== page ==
A bill in Congress is looking to make social media firms responsible for disclosing any content that could indicate terrorist activity.
Companies such as Google, Facebook and Twitter could be required to monitor emails, tweets and videos for any suspicious content.
The bill comes as a result of law enforcement agencies struggling to cope with the increased use of social media to radicalise people.
The UK has recently been dealing with a number of cases of young men and women leaving to join ISIS, having apparently been groomed online.
While it is unknown whether a measure like this would be implemented in the UK, PM David Cameron has recently called for encrypted messaging services to be banned.
A growing public demand for better forms of encryption in the wake of leaks by NSA whistleblower Edward Snowden is at contrast to demands from security agencies to have better access.
TechNavio, Faisal Ghaus, told CBR: "Because data breaches can be catastrophic for an organization, encryption software is being adopted increasingly to control these violations and create a secure information environment.
"Many encryption software providers have integrated features that enhance the use of encryption solutions into smartphones or smart devices."
This bill could place the social media companies in the uncomfortable position of being responsible for reporting suspicious activity.
While to some extent these companies already comply with some requests for information, this bill would place a stronger enforcement role on them.
Many large Silicon Valley companies now produce annual transparency reports which show how many requests they receive from various countries, as well as how many they comply with.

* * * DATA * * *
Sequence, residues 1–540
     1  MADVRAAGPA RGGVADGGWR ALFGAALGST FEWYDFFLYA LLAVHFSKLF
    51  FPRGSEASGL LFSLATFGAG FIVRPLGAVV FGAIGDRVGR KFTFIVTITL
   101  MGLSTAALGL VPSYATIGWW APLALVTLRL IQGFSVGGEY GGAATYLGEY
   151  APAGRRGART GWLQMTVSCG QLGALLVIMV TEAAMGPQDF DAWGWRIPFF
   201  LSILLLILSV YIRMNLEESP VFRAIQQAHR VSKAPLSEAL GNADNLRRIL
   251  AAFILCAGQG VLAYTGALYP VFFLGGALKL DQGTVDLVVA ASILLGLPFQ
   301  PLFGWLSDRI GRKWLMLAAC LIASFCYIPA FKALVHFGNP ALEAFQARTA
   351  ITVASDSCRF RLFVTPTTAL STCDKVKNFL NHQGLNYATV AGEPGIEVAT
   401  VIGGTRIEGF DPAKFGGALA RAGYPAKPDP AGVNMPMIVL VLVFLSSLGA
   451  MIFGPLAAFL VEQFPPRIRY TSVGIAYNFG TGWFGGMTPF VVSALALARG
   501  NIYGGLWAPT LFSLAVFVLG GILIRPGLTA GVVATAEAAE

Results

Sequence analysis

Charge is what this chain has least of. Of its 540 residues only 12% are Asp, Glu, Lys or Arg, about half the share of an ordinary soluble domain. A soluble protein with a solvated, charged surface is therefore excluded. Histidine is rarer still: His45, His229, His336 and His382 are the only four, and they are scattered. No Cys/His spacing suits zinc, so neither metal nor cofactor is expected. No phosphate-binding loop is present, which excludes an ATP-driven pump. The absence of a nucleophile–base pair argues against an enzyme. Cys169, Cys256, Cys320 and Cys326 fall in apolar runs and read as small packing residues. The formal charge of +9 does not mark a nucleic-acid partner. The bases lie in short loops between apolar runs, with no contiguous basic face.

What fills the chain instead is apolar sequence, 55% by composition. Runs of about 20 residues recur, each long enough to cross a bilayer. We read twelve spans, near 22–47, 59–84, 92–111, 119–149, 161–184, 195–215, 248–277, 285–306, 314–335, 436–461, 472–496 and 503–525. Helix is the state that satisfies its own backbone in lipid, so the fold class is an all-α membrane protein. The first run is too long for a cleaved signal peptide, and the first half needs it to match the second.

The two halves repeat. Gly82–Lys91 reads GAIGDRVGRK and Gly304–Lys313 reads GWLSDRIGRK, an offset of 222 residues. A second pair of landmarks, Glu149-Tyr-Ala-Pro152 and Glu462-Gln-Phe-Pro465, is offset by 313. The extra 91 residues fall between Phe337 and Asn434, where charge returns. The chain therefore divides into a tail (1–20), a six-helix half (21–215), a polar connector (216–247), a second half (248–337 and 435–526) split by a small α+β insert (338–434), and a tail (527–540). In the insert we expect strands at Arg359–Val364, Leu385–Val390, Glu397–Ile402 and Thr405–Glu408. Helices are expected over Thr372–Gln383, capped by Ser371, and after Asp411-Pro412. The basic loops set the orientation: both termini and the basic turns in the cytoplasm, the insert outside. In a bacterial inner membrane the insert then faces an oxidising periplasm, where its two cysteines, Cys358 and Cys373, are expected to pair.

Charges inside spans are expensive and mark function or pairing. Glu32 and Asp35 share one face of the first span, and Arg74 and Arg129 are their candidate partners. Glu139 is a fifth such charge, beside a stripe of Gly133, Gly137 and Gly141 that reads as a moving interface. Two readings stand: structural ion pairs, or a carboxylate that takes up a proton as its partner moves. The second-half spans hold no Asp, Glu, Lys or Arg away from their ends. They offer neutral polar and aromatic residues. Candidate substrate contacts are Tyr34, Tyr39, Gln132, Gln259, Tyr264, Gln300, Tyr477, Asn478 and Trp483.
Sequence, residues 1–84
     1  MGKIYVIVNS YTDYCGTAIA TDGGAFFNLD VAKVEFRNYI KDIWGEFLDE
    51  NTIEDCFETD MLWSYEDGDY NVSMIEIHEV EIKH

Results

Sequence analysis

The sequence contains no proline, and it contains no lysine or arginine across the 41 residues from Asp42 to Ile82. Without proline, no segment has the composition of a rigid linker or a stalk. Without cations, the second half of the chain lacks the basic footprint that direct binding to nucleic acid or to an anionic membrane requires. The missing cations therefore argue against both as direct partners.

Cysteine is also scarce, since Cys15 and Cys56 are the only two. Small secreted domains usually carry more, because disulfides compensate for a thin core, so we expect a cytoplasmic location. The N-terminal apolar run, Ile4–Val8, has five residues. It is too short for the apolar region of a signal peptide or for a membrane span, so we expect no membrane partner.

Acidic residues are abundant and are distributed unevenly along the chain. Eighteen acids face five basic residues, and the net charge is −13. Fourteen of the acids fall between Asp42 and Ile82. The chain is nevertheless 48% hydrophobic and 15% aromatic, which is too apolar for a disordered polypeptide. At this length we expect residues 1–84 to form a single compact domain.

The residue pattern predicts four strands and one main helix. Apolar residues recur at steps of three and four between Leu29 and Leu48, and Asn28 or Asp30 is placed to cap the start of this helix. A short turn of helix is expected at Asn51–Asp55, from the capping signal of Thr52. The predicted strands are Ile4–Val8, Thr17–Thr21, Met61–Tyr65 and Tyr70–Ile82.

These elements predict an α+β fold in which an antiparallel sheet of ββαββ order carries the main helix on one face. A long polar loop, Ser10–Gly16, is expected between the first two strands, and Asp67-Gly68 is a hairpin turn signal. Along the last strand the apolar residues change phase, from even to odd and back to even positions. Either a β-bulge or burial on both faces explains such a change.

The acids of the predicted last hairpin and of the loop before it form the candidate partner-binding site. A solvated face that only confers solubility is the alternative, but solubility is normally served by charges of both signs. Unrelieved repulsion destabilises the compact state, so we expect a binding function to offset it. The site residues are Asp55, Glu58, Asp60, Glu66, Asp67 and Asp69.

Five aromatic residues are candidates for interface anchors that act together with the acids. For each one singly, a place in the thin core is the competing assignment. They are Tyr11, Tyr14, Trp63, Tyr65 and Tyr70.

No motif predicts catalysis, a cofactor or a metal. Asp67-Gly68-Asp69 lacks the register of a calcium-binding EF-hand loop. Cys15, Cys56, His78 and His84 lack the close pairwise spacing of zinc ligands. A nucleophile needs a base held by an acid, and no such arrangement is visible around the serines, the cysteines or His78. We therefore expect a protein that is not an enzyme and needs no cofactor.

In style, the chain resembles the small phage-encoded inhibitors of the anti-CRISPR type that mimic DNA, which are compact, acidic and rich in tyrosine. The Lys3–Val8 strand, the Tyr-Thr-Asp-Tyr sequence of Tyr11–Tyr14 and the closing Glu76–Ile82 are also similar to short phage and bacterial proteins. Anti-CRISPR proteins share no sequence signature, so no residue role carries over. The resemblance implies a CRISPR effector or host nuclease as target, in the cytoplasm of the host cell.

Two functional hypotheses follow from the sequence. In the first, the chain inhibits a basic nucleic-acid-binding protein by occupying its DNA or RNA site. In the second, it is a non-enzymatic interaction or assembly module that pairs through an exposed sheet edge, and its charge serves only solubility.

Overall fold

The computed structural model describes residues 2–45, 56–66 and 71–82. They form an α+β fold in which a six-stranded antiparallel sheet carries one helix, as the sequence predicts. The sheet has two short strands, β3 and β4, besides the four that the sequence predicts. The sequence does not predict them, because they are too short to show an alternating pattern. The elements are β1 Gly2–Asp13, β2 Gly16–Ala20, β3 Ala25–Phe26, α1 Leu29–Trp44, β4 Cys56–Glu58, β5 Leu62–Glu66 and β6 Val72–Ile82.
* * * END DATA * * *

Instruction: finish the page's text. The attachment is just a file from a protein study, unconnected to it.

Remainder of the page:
Any policy regarding increased monitoring from tech firms would likely put the UK out of touch with EU Data Privacy regulation.
The bill in the U.S. would be an extension of existing federal requirement that are related to policing child pornography. However, weeding out terrorist messages could be much more complex.
With child pornography, the activities are typically identified by software, but with terrorist activities it is often flagged by users on the platform.
David Grannis, Intelligence Committee minority staff director, said that it wouldn’t significantly change the role companies already play. "Companies are already in the business of making a determination of what this terrorist content could be."
Twitter, which has come in for criticism from lawmakers for not taking down content, said: "We review all reported content against our rules, which prohibit unlawful use, violent threats, and the promotion of terrorism.
"Law-enforcement authorities can request information about individual Twitter accounts through valid legal process outlined on our site."
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